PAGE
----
Thursday, January 25, 2007

Web of Evil by J.A. Jance

In this second Ali Reynolds book, she is finally getting her divorce from the philandering husband she refers to as Fang. She drives from Arizona to California only to find that her soon to-be-ex missed the meeting. He couldn't quite make because he was murdered the night before by being stuffed into a trunk of a car and left of the railroad track. You can imagine what happened. Ali is the prime suspect since she was alone on her drive which actually passed the crime scene, and since the murder occurred before the divorce, she inherits everything despite the pregnant fiancee in the picture. Ali's mother and police detective friend come to California to help her out of the mess.
I am a big JA Jance fan from the acclaimed Joanna Brady series to the grittier Beaumont series. Both of those series with their corresponding characters are highly anticipated by me. I did read the previous Ali Reynolds novel and while the story was not as good as the other series', I did like the cast of primary characters. I'm not sure what happened in this book. Again, I was really looking forward to reading this novel, but a few chapters in, I was wondering if I was actually reading a JA Jance book. I still liked Ali as a character, but that whole blog gimmick is not needed. I started skipping the blogs and the comments. I know this is a new era of technology and everyone and their mother has a blog, but don't use one in book. Boring. The story itself was totally ludicrous and ridiculous. It reminded me more of a Evanovich Stephanie Plum Novel than a JA Jance novel. Maybe that was the point since for some ungodly reason the Stephanie Plum novels are popular, but if it was, then JA took a wrong turn. Tripe maybe be popular, but it doesn't mean it's good. Bring back Joanna and Beau or write a traditional mystery for Ali. She deserves better.
Last comment--I think it is unacceptable when a book goes to press with blatant errors. Several times the character of Tracy was referred to as Terry, and the character of Jake was referred to as Jack.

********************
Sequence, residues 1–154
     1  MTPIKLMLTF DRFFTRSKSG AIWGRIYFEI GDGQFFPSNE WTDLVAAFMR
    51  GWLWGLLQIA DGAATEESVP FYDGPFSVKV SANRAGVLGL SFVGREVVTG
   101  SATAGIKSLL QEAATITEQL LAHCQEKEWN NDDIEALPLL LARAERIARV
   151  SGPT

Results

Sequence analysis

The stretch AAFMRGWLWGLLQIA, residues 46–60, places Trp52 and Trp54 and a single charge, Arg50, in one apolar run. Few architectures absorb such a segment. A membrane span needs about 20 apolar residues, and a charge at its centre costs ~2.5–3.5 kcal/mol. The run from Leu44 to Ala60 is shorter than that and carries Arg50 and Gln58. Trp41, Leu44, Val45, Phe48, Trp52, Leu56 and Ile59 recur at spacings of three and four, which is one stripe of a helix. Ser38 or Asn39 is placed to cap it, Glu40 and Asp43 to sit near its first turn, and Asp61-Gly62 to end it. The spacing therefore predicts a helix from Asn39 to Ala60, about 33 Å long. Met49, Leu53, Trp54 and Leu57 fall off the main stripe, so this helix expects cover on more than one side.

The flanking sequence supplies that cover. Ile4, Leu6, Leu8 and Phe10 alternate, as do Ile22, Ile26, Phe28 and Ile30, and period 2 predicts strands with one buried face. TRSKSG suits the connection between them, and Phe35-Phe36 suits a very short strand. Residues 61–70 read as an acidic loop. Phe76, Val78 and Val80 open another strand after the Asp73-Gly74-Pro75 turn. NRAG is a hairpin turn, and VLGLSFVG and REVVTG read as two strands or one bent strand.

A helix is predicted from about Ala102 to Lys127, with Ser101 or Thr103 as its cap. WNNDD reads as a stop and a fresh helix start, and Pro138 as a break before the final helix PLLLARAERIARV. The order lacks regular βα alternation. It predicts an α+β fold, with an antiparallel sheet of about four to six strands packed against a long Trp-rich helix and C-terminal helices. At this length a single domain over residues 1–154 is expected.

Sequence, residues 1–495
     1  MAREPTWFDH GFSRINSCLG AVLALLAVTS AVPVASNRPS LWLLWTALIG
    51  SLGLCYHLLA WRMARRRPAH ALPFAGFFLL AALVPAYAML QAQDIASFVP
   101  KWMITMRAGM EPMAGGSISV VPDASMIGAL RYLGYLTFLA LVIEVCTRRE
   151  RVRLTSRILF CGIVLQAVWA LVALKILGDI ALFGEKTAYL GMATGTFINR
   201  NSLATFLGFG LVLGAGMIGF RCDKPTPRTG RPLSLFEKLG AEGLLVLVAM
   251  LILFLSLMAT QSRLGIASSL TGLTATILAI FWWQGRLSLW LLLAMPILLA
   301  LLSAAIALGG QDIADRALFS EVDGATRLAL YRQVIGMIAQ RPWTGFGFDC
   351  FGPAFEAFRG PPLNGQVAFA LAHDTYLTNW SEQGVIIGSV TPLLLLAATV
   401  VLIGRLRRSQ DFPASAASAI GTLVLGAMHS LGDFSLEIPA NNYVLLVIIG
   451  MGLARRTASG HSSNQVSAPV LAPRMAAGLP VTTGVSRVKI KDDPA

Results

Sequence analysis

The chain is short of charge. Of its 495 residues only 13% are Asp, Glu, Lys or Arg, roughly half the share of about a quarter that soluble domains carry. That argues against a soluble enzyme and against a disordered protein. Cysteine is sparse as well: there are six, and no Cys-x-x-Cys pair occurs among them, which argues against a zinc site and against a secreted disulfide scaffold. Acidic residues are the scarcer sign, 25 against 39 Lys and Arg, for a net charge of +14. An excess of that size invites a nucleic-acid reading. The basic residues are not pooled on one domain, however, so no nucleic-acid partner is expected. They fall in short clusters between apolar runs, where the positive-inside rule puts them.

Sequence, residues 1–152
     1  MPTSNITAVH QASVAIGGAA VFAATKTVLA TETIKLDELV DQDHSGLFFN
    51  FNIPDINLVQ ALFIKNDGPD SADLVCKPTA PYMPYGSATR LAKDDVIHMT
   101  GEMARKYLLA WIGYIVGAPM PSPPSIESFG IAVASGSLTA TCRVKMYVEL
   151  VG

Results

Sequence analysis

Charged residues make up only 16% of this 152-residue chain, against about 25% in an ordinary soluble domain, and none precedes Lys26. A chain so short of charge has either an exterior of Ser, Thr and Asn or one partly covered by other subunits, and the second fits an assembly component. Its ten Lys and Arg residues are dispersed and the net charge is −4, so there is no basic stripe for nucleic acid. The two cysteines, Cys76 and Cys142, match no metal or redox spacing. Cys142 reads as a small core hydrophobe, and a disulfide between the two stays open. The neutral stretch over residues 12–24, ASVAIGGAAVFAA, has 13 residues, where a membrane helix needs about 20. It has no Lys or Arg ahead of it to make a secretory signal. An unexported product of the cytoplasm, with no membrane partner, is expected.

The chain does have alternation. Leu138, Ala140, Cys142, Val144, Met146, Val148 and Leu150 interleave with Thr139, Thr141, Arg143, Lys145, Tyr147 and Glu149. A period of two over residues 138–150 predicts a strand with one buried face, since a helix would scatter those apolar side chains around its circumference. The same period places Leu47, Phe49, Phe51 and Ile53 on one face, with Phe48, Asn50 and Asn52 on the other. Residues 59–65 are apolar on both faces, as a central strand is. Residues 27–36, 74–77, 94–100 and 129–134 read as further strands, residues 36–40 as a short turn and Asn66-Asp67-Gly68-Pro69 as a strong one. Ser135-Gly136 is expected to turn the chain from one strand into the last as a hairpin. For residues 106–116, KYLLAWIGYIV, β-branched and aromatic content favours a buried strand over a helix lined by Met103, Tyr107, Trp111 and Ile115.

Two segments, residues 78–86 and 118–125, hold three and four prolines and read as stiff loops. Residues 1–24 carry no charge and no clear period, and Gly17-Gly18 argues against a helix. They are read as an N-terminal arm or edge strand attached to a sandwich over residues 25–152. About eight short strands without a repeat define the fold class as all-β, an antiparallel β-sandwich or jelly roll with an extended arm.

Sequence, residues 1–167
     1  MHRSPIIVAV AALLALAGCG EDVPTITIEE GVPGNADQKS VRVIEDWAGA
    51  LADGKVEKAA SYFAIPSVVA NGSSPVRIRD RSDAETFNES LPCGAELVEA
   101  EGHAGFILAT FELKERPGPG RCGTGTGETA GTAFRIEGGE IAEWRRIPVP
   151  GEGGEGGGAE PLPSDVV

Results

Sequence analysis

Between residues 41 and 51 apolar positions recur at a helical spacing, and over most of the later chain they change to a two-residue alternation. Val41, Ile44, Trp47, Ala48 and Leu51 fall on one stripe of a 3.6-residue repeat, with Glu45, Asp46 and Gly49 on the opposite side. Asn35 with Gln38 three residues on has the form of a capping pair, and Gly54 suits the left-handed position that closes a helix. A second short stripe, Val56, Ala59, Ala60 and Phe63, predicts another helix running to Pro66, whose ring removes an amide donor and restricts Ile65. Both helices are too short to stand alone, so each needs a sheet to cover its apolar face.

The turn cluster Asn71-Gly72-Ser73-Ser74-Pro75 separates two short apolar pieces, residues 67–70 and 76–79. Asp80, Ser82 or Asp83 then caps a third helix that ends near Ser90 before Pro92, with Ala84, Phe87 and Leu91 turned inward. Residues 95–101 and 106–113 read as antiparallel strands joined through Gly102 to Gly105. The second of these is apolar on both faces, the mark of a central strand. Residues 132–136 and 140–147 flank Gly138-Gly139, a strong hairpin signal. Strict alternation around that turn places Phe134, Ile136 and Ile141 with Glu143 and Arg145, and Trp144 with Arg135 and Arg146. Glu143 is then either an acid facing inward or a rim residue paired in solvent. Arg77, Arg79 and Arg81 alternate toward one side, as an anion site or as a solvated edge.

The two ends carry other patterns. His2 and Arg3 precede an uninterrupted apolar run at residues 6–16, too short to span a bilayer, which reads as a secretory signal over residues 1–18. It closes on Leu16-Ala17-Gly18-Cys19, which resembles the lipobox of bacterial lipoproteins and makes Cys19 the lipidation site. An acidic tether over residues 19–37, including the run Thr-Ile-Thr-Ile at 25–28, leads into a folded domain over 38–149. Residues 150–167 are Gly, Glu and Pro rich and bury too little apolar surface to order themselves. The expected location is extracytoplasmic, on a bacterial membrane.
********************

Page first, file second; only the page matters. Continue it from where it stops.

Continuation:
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Monday, January 08, 2007

Unnatural Selection by Aaron Elkins

Gideon Oliver's wife Julie is attending a consortium on conservation in the Scilly islands off the coast of England. Gideon accompanies his wife who is invited by Russian host, Vasily Kozlov. Every year Vasily invites guests with varying opinions on environmental issues.

Gideon doesn't have much interest in attending the conference but his experience as a forensic archaeologist is called upon when bones are discovered on a local beach. After some research and testing, Gideon determines the bones to be that of a guest who was murdered and dismembered two years previously. Gideon is asked by the local police chief to help with the investigation, but before there are answers to the many questions that arise in this case, another guest at the consortium is murdered.

I've read almost all, if not all, of the Gideon Oliver series. The last several have been lacking something. I could never really pinpoint what was off-- weaker plotlines, uninteresting stories, or just a series getting old, whatever it was, happily the newest Gideon Oliver book is reminiscent of the earlier ones. I was happily riveted to the story from the beginning. One minor flaw is that sometimes the story got bogged down in the very technical jargon of forensic anthropology. Learning is well and good, but when something is dry and tends to go on a bit too long, it stops the story in its tracks. Also the secondary cast of the guest at the hotel was not very well-developed. I had to flip backwards in the book to figure out who everyone was. They are introduced and then not really part of the story until the end. Regardless of a few flaws, I found the story very enjoyable.

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Tuesday, January 02, 2007

True Evil by Greg Iles

Alexander Morse, former FBI Hostage Negotiator, turned rogue agent after her 35-year old sister sister dies of a stroke, but not before accusing her husband of killing her. She begs Alex to save her son from his father. Alex vows to honor her sister's last wish. She works effortlessly until she stumbles upon a plan between unscrupulous lawyer and a diabolical doctor who have inflicted a number of people with terminal diseases after their spouses seeks out the lawyer for divorce proceedings. Alex's brother-in-law was one of those spouses. Now Alex has identified the next victim, Dr. Chris Shepard, husband of a bored wife who doesn't want to give up her son or the money. When Alex approaches Chris with a plan to entrap his wife, Chris is at first dubious, but after evidence of an affair, he agrees to help Alex.

The story had me from page one, not something I can say about most books. The plot was intricate and suspenseful, a true page-turner of a book, even though the plot was a bit far-fetched. What made this story so enjoyable were the characters of Alex and Chris. They were so multidimensional, fallible humans...totally sympathetic characters. I was rooting for Alex the whole way through. My one quibble is that this almost 500 page book could have lost at least 50 pages at the end of the book. The ending seemed to go on too long once the culprits were revealed. The last scene on water seemed totally extraneous.

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